With little doubt that the
Federal Open Market Committee
will boost short-term interest rates this week, Wall Street analysts have been scrambling to decide what higher rates might mean for groups they cover.
That was especially true in the real estate world, where investors are eager to keep the recent rally in real estate investment trust prices intact. Several reports last week declared that not only were REITs not endangered by a Fed-engineered rise in short-term interest rates, they might actually become the defensive vehicle of choice for rate-shy investors.
Unfortunately, that rosy view wasn't borne out by closer scrutiny of the data. Here's my unvarnished view of several important studies of the performance of REITs during periods of rising interest rates.
Are REITs Right as Rates Rise?
Eric Hemel looked at the relationship between REITs and Treasury rates and compared it to the relationship between the
and bond rates. His conclusion: REITs may provide a defensive investment strategy in times of rising interest rates, relative to the broader market.
Over those 11 years, Hemel found that as rates rise, REIT stock prices decline, though not as much as the general market.
But Hemel's research contains two problems that limit the usefulness of the data, and thus his conclusions. For one thing, changes in interest rates "explained" only 39% of the variability in the S&P 500 over the 11 years and only 26% of changes in REIT prices. Neither of these relationships would be characterized as significant by statistical researchers.
The second problem is that Hemel based his analysis on the past performance of 15-year government bonds, not short-term interest rates. For analyzing the response to this week's likely action, a review of the relationship between the federal funds rate and REIT prices would be more helpful.
Enter John Woo at
Security Capital Group
. Woo researched data based on the monthly federal funds rate changes, as well as the monthly performance of both the
NAREIT Equity Index
and the S&P 500 from 1974 to the present. His conclusion? Changes in short-term interest rates do affect both the performance of REIT share prices as well as the broader market, but rate changes account for less than one-third of the fluctuations. Woo agrees that neither number is terribly significant. "Both correlation figures are low, implying the two variables have very little attribution to each other's movements."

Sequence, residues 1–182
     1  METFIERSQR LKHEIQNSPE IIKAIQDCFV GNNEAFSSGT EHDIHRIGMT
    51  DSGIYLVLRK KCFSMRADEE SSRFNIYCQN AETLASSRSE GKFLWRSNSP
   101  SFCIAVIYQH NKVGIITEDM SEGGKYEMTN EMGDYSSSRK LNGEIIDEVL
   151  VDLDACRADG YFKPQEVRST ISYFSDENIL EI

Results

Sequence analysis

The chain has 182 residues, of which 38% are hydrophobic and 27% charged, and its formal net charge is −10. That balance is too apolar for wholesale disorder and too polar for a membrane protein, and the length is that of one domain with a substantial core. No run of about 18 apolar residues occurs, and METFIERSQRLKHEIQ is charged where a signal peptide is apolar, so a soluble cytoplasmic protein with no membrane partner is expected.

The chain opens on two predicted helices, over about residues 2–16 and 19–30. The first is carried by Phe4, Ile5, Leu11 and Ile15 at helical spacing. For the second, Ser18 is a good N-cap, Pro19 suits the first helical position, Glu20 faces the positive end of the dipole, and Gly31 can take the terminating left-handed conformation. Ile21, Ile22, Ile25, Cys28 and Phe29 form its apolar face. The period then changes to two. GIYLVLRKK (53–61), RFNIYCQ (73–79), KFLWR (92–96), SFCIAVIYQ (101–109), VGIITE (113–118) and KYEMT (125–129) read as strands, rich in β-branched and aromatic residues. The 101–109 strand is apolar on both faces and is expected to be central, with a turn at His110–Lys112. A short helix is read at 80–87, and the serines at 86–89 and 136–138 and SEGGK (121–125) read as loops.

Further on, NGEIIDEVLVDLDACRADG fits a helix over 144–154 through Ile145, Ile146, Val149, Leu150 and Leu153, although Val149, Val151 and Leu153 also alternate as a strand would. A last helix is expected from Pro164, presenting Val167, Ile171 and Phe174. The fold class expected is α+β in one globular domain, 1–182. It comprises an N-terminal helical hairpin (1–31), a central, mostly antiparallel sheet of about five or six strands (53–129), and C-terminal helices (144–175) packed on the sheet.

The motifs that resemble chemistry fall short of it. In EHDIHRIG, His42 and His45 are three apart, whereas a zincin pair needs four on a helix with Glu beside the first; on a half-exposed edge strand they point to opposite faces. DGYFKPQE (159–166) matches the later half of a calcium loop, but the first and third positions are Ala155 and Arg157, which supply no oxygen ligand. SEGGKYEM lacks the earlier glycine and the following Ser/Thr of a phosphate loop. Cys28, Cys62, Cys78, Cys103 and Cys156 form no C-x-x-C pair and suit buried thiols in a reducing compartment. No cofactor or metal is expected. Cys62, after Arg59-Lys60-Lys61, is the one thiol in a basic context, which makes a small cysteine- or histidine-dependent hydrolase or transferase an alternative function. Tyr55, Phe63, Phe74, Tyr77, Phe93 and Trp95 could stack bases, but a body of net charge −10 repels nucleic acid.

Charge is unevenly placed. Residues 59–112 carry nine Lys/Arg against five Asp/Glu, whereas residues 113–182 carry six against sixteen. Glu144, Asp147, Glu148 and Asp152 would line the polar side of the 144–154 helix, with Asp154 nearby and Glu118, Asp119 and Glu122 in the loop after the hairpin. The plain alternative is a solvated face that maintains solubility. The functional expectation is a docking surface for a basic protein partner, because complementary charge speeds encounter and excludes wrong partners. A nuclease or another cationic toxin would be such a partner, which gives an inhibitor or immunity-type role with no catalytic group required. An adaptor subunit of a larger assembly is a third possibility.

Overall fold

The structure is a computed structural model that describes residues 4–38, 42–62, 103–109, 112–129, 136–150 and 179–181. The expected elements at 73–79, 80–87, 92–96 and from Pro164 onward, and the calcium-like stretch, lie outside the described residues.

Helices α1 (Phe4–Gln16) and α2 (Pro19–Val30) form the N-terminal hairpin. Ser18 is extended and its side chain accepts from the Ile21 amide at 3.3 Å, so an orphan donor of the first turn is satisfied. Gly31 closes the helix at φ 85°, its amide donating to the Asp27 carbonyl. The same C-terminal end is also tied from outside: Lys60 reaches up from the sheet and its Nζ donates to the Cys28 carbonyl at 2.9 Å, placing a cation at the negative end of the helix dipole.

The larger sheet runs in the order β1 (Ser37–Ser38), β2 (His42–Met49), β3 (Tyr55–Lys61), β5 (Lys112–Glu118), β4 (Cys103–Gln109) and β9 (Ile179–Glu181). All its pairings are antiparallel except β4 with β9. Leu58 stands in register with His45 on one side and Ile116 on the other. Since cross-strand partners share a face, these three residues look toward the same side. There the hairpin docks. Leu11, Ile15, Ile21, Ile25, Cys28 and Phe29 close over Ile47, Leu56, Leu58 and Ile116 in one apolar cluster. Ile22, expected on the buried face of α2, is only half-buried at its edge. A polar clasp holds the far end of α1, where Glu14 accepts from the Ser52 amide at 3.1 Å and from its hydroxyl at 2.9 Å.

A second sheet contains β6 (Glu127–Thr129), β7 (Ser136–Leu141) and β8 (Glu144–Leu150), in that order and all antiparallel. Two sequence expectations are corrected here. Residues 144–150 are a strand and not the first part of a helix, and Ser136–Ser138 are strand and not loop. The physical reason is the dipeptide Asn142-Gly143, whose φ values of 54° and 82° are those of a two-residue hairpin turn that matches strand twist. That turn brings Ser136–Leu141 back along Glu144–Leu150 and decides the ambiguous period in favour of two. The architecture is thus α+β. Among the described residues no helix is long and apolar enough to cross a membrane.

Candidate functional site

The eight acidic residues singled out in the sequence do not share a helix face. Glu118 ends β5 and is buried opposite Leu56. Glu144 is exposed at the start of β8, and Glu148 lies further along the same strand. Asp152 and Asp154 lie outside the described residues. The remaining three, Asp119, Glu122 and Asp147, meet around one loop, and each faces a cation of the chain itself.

With the empirical evidence mixed, most REIT pundits believe a quarter-percentage-point increase in interest rates would mean very little to REIT investors. "The impact all depends on how far and how fast," says Jim Grissett, portfolio manager of
, an Atlanta-based real estate investment firm. "Twenty-five or 50 basis points on the upside should have very little impact. It would probably take a full percent before REITs really feel the pinch."
But a 25-basis-point move by the Fed with an additional tightening bias is anything but positive for REITs. What the Fed says -- not what it does, this time -- is more important. "I get the sense it depends more on how the Fed positions itself," says Richard Paoli of
Warburg Dillon Read
. "If it looks like there's more to come, that's bad for everyone, including REITs."
REITs May Be Hardier Than Most
Still, there are those who think REITs will weather the interest-rate storm better than other stocks. The reasons, they say, include real estate's natural hedge against inflation, the support of the dividend in a REIT's total return and the attractive valuation of many REITs.
If inflation is the reason for rising rates, many analysts suggest that bodes well for REITs. "REITs will hold up well in inflationary times," says Ken Statz of
. "REITs simply pass inflation through their underlying real estate and the value of those assets will increase." As a result, investors tend to favor real estate in inflationary periods.
Part of the reason rests in the dividend. While rising bond coupons compete with REIT yields, REIT dividends will grow over time while bonds' nominal yields remain fixed. "REITs provide a growth yield where bonds don't," says Paoli. "REIT dividends will grow from one year to the next. If you believe that dividend growth will be about half of the growth of funds from operations
a measure of cash flow, it will almost always outpace inflation."
Finally, some analysts think even with the recent rally in REIT prices, relatively low valuations will provide a solid floor for REITs if the entire market heads south. "REITs are still at the low end of historic valuations. That should provide good support in a negative rate environment," says Paoli.
Winners and Losers
While REITs may hold up well if monetary policy tightens, some will do better than others. I have written about the dangers of both
overleveraging and overzealous
development in past columns, and many think that companies indulging in such practices may suffer more than most.
Those that find success in a rising-rate environment are likely to be those REITs with the healthiest balance sheets. "Performance in a rising-rate environment depends most on a REIT's financial structure," says Grissett. "Companies with significant leverage, large construction and other variable-rate debt will be hurt the most. REITs need to know that and have stable long-term financing in place."
We'll likely know who investors think those companies are come Wednesday.
Christopher S. Edmonds is president of Resource Dynamics, a private financial consulting firm based in Atlanta. At time of publication, neither Edmonds nor his firm held positions in any securities mentioned in this column, although holdings can change at any time. Under no circumstances does the information in this column represent a recommendation to buy or sell stocks. While Edmonds cannot provide investment advice or recommendations, he welcomes your feedback at